Money: Money Talk: Pay up front or pay the price

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The Independent Online
A whopping 300,000 self-assessment tax forms have been returned to sender because of omissions or serious mistakes, the Inland Revenue says. A million more people have made errors that the Revenue has been able to put right.

The taxman's somewhat predictable verdict on these numbers was "better than expected" given, it says, that 5 million people have actually filled in their returns and that this has been the first year of wrestling with the new forms.

Well, maybe. But the really worrying statistic in my book is this: at least 3 million other people due to send in new-style returns have still not done so. Many of the no-shows are self-employed with more complicated tax affairs and potentially bigger liabilities.

These 3 million only have until 31 January to file if they are to avoid automatic fines starting at pounds 100 and interest on unpaid tax. Given that filling in the tax returns will in most cases mean a fair-sized paper chase, there is no time to lose.

It is also important to emphasise that 31 January is more than an administrative deadline: it's also the date when unpaid tax for these returns, whether filed or not, is required. So if you've got a liability, start collecting your savings and work out what you are likely to owe. With returns filed since September the Revenue will not necessarily get you a bill in time for payment by 31 January. But even if it doesn't, you are still required to pay what you owe or face interest penalties.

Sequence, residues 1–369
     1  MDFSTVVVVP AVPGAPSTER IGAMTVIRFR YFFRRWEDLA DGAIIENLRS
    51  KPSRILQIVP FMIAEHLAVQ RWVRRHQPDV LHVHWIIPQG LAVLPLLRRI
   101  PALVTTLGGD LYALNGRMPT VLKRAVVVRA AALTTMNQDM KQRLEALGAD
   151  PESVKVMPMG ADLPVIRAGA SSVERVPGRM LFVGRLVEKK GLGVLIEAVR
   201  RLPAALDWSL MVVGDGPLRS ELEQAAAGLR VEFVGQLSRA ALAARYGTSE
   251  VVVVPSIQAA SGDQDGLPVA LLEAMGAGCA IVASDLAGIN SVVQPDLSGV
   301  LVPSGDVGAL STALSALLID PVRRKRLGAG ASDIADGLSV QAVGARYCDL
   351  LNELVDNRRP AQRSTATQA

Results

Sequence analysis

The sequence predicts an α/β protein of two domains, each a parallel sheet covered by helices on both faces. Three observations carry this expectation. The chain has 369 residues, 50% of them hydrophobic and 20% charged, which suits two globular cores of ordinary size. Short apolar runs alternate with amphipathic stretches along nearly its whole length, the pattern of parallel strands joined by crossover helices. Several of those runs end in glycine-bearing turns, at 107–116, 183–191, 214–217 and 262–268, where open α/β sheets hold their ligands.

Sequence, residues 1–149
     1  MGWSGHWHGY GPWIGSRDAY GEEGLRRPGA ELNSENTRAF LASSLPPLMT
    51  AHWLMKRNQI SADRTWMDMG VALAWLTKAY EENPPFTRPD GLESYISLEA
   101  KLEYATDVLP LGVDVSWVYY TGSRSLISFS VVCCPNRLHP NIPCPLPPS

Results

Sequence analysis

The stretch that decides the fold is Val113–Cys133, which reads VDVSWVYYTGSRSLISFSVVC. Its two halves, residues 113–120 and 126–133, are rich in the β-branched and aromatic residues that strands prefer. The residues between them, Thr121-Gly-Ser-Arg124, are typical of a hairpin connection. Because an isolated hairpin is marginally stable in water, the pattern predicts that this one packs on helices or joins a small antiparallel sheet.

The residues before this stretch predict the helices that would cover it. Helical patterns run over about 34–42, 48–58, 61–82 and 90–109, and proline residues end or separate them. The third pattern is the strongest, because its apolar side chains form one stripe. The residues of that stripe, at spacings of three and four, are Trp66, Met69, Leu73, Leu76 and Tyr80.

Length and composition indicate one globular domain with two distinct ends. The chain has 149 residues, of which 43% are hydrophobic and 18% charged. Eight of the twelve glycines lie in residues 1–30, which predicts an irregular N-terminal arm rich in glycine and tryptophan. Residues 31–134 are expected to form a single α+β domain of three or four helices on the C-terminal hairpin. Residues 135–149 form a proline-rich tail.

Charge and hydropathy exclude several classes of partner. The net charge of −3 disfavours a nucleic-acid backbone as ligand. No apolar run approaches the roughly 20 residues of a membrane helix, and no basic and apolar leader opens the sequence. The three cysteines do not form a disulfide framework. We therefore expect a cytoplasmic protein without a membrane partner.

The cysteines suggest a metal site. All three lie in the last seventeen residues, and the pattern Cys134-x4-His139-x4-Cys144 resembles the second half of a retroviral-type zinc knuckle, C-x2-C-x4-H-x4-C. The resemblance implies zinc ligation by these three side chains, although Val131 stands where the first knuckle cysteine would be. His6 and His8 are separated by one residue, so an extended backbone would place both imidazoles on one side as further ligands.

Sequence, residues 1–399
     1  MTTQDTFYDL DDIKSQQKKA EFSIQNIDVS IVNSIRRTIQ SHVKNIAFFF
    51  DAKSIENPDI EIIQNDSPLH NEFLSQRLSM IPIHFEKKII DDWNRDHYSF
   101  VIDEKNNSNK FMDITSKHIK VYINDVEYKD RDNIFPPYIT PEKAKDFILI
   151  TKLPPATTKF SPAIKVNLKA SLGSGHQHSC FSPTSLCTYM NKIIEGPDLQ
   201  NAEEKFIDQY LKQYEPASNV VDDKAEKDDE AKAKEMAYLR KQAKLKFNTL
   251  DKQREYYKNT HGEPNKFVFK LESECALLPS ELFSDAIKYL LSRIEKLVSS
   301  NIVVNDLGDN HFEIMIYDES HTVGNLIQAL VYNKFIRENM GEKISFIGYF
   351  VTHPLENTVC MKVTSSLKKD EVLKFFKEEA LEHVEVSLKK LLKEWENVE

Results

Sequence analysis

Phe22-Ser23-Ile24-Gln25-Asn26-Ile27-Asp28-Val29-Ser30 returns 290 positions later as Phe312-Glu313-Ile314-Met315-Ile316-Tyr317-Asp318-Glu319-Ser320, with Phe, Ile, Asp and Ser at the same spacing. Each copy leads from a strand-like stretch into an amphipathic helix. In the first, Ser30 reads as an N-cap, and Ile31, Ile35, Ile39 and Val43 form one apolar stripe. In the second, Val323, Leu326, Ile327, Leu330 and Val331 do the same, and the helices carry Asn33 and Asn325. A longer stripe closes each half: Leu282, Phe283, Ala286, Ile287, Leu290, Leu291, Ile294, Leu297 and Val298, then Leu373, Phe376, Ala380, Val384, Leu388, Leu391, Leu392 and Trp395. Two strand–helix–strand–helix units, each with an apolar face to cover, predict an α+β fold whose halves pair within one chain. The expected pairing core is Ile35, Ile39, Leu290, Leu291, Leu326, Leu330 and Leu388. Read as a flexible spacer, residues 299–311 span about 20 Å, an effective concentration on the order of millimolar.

So even if you don't get your bill, send off what you think you owe anyway - and err on the pessimistic side. That is to say, assuming you can afford it, over-rather than underestimate your liability. If you overpay you'll get a rebate. Underpay, and you face being charged interest on what you have failed to pay.

As feared, Gordon Brown's "green" Budget last week shed no light on the Government's murky plans for PEPs, Tessas and pensions, and capital gains and inheritance tax. And this from an administration that waffles on about the importance of financial stability: someone should tell the Chancellor how important certainty is for savers, too.

Mr Brown did offer one potential sop on PEPs: he confirmed that a consultation paper on the proposed Individual Savings Accounts (ISAs) will be published on Tuesday. The hope is this will finally tell us what will happen to existing PEPs when ISAs are introduced. But I fear "consultation" means just that and the Government will avoid committing itself for a few more months.